In 1985 the general assembly enacted a strict statute governing vicious animals and animals running at large. The penalties are severe. You may wish to consult the Rhode Island Statutes. The excerpts appearing below are portions of an ordinance regulating the "running at large of animals" and in amendment to chapter three, section two of the Portsmouth Town Code. It is the intent that they help to inform you of town regulations regarding dogs. (A complete copy is available for inspection at the Office of the Town Clerk or the animal control officer.)
- Sec. 3-6
- (a) It shall be unlawful for any person to allow or permit any animal to trespass on private or public property so as to damage or destroy any property or thing of value and the same is hereby declared to be a nuisance...
- (b) The keeping or harboring of any dog or other animal or fowl whether licensed or not, which habitually howls, yelps, barks, or causes noises... is hereby declared to be a public nuisance and each day shall constitute a separate offense
- Sec. 3-13 - No person, being the owner or keeper of a dog or having the charge or custody of a dog, shall allow such dog to run loose off its owner or keeper's property within the Town of Portsmouth unless such dog is properly leashed and said leash is controlled by the owner or keeper of such dog
- Sec. 3-14
- (c) Notwithstanding the provisions of this ordinance, any person who immediately notifies the Animal Control Officer that their dog has escaped from restraint and requests assistance in bringing the dog under control or restraint shall not be punished or liable for a fine, charge, or fee pursuant to this chapter for failure to properly restrain a dog...
- Sec. 3-16 - Confinement of dangerous vicious animals and females in heat (ask for paragraphs (a) and (b) of this section).
- Sec. 3-17
- (a) Every animal which bites a person shall be promptly reported to the animal control officer and shall thereupon be securely quarantined...
Rhode Island General Laws
Chapter 4-13 Entitled “Dogs”
- 4-13-31 - Compulsory rabies vaccination
- (1) For the purpose of preventing the introduction of rabies when rabies appears in any nearby area and its appearance creates a threat of introduction into Rhode Island; or for the suppression; or for the control of rabies, the board shall make regulations requiring compulsory vaccination of dogs, cats, ferrets, or any other domestic animal as deemed necessary against rabies in a manner specified by it in any area or areas within the State of Rhode Island, which are deemed necessary to prevent that introduction, or for the purposes of suppression and control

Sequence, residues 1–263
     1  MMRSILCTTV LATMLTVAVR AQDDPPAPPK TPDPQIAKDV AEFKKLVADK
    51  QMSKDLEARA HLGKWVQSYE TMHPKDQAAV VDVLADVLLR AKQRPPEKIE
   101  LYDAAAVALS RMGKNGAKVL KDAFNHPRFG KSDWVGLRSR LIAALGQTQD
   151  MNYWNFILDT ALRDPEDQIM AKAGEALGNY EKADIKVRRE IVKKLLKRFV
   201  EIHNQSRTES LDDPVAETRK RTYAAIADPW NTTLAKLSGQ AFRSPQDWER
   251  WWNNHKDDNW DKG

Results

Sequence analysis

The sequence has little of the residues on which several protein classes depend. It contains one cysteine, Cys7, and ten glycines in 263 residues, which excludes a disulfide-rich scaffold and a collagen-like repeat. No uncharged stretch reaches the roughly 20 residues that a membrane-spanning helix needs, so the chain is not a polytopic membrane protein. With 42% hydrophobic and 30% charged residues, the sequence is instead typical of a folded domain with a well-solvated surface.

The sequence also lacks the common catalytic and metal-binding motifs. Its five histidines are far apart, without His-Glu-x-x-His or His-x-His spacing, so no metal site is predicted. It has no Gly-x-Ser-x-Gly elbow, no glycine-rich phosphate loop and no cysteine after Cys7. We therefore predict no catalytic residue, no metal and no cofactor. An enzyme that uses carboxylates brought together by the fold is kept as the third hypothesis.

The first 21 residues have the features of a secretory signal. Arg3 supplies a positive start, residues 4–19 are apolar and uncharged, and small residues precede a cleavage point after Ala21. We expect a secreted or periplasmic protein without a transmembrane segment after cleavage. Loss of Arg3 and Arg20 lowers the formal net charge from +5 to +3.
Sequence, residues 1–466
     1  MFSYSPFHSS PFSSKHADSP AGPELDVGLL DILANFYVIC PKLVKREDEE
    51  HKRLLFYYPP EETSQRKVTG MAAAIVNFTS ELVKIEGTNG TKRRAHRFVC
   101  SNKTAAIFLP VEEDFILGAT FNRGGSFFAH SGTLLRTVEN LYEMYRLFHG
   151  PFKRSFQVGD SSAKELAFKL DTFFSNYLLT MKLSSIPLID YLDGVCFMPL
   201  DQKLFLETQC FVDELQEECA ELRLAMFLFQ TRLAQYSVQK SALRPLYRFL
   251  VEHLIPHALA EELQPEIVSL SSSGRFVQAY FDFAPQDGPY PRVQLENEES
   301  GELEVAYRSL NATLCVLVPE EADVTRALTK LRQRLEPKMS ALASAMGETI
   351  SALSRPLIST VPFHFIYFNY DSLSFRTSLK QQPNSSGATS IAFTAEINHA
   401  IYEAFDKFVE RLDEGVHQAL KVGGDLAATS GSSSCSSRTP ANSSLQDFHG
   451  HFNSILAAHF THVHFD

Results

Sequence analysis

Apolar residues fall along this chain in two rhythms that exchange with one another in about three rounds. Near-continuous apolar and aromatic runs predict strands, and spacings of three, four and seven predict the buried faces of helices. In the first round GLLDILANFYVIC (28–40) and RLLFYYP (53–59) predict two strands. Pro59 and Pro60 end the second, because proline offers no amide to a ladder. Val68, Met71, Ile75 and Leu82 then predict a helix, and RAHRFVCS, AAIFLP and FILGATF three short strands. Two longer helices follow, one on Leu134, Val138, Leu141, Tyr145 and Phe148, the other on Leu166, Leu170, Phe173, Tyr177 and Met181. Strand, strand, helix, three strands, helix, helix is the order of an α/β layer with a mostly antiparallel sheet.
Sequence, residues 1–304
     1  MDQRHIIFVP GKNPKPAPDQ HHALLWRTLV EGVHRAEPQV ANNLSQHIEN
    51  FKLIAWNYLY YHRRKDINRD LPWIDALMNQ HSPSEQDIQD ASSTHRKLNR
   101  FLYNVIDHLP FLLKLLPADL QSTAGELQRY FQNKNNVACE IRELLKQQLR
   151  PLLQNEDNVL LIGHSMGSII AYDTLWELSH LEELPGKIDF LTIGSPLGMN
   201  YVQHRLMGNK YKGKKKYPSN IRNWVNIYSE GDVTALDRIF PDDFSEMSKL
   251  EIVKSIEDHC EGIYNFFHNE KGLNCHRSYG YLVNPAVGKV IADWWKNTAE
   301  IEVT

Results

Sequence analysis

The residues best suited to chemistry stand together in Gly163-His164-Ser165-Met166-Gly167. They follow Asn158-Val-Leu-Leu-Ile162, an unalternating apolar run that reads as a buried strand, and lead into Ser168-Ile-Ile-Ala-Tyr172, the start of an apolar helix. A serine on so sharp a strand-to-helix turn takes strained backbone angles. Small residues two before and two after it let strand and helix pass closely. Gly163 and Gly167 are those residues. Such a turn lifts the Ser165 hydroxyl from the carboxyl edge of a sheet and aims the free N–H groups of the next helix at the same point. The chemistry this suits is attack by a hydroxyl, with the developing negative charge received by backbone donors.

- (9) A person who fails to have or refuses to have each dog, cat, and / or ferret owned or kept by said person vaccinated against rabies violates the provisions of this chapter
- 4-13-32 - Penalty for violation of rabies suppression provisions
- Any person violating the provisions of 4-13-29 and 4-13-31 shall be charged with a misdemeanor and fined not less than $200 nor more than $500 for each offense or be imprisoned for not less than 10 days nor more than 30 days
Chapter 22 - Cat Identification Program
- 4-22-2. (d) "Identification" means: a traceable form of identification such as:
- A collar and a flat or hanging tag worn by a cat which includes the current name, address, and telephone number of the owner
- A rabies vaccination tag
- An ear tag issued by a licensed veterinarian or by a licensed animal shelter or licensed municipal pound
- A registered microchip which is used in conjunction with a visible collar and tag or in conjunction with a faceted, reflective ear stud
- A tag from a licensed animal shelter or licensed municipal pound
- A tattoo registered with the National Dog Registry or other similar national tattoo service
- A cat license issued by a Rhode Island city or town
- A collar incorporating embroidery as a type of information labeling rather than a hanging or flat tag
- In the case of feral cats, a tipped or notched ear in conjunction with a microchip or any of the above other forms of identification. The intent is to allow flexibility in the types of identification available for cats and to incorporate other types of cat identification in the future as they are developed (as of January 1, 2000).